Newton’s Third Law of Motion contends that for every action there is an equal and opposite reaction. I’ve been observing for some time this paradox: The more networked we become, the more we rebel against impersonality. We yearn for ways to connect in the physical space. The latest example is from the shrewd publicity efforts behind Moby’s latest album. New York Magazine reports the following:
He promoted his latest, Wait for Me, by booking a spa so that journalists [including some extremely tech-savvy writers], could listen while getting massages.
How ironic that the way to these journalists’ hearts should be through unkinked necks and loosened shoulders. Not that such novel — and decidedly low-tech — promotions of new albums are particularly new. You may recall the impact that Trent Reznor (a.k.a., Nine Inch Nails) had when he leaked new songs to a pre-release albums through MP3s loaded on USB sticks left in the restrooms of nightclubs. That was more than two years ago. (Here’s an account of that promotion, on MediaPost. Registration is required.)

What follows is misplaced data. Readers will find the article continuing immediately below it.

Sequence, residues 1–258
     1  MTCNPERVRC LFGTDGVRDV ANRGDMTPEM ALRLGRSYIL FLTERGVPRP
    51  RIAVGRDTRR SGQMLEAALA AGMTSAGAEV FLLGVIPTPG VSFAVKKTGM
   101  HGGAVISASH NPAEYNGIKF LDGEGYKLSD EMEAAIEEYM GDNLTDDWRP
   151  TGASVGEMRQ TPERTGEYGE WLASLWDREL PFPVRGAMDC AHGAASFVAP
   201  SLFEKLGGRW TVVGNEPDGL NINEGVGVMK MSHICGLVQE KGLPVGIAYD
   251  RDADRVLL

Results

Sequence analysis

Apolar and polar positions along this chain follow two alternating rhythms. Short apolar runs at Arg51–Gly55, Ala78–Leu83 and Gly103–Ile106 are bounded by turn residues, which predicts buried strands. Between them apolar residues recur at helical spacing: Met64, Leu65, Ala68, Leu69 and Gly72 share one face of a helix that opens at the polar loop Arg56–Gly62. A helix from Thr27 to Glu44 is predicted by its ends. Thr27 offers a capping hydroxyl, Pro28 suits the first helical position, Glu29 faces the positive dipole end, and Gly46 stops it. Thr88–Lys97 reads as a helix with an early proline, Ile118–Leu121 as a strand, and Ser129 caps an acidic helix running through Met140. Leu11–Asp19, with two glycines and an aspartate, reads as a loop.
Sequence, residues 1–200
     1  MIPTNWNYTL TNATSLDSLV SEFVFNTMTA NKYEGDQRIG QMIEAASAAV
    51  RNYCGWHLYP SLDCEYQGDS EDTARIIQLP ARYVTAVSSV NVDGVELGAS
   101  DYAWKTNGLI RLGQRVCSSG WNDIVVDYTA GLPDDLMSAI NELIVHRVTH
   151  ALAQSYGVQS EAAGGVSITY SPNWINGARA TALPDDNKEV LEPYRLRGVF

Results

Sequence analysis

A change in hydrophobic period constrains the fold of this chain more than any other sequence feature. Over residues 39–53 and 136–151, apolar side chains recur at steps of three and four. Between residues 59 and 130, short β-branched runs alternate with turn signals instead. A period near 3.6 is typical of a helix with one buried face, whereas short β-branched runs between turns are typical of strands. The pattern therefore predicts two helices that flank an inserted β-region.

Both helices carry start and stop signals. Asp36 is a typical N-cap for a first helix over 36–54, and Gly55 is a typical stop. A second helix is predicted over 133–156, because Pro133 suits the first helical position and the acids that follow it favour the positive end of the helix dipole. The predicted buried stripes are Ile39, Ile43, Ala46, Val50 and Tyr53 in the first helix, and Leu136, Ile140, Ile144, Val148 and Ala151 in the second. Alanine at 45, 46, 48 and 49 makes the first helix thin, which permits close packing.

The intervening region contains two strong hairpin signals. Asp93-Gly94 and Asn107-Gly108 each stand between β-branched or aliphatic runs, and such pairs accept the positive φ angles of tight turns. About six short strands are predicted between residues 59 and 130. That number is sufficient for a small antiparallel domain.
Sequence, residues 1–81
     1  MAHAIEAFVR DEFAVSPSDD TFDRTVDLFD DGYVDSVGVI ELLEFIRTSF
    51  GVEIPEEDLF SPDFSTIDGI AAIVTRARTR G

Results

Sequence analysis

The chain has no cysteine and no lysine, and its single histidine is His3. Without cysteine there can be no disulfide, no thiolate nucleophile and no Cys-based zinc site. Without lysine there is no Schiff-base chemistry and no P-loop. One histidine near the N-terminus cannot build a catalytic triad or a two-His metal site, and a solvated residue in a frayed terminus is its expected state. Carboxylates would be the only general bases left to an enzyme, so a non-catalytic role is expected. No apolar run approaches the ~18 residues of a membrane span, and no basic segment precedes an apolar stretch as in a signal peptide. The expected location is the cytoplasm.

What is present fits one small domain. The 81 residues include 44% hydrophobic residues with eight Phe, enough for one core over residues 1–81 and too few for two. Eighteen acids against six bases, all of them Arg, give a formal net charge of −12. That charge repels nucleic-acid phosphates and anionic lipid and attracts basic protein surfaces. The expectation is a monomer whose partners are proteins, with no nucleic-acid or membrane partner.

My take on Moby’s high tech / high touch ploy is simple: If you’re trying to break through the drone of network buzz and isolating keyboarding, look to its extreme opposite.